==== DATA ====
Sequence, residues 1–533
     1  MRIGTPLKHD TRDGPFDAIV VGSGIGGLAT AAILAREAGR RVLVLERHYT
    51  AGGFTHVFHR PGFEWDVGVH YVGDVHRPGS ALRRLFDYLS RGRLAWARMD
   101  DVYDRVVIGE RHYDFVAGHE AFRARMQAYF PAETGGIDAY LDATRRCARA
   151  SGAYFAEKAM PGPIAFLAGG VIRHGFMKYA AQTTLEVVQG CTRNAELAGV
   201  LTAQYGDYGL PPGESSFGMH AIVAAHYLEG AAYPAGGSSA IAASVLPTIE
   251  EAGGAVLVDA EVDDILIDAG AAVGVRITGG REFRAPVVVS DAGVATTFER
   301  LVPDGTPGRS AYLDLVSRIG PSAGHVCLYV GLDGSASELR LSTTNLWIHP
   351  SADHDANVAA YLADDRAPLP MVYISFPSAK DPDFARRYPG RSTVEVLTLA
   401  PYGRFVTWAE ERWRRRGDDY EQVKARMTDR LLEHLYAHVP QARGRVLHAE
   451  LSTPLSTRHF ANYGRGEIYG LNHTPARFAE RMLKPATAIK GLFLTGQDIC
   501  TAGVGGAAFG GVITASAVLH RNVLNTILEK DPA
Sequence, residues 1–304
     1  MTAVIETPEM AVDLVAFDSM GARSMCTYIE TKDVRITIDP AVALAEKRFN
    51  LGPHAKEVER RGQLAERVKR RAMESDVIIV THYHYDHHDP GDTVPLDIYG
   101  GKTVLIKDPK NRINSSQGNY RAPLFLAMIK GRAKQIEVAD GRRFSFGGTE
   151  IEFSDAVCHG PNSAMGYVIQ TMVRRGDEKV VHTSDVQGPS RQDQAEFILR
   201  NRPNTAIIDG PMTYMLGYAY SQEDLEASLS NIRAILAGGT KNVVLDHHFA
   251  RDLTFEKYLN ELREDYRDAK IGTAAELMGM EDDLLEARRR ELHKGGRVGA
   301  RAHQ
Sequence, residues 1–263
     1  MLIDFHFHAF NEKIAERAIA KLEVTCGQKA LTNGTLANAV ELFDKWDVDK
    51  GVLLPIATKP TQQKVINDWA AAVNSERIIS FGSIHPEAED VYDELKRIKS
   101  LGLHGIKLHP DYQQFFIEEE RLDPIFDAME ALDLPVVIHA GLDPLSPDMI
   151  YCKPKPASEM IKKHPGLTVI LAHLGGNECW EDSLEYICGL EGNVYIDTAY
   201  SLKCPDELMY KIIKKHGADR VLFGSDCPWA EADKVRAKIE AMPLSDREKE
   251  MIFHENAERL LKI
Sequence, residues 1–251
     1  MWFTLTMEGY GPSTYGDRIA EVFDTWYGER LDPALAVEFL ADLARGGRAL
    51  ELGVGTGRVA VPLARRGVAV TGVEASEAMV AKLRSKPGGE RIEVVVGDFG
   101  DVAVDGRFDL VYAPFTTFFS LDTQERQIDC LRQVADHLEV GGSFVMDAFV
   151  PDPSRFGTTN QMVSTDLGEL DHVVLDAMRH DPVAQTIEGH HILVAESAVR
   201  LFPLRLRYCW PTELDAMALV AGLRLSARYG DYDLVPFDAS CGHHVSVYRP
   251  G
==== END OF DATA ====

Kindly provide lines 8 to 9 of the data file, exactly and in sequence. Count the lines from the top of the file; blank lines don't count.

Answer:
   301  LVPDGTPGRS AYLDLVSRIG PSAGHVCLYV GLDGSASELR LSTTNLWIHP
   351  SADHDANVAA YLADDRAPLP MVYISFPSAK DPDFARRYPG RSTVEVLTLA